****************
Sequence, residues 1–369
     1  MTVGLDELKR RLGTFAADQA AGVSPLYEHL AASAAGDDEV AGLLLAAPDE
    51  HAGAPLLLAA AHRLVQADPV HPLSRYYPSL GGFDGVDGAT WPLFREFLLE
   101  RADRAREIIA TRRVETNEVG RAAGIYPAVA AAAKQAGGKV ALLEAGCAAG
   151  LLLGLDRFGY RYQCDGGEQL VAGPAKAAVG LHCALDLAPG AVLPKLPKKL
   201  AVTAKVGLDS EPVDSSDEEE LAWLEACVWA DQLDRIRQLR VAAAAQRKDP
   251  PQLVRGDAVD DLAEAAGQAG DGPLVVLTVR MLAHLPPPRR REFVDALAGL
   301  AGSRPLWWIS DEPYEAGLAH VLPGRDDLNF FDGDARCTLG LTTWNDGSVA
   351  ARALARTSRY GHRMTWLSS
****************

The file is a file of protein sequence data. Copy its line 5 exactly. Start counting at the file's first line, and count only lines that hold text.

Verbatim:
   151  LLLGLDRFGY RYQCDGGEQL VAGPAKAAVG LHCALDLAPG AVLPKLPKKL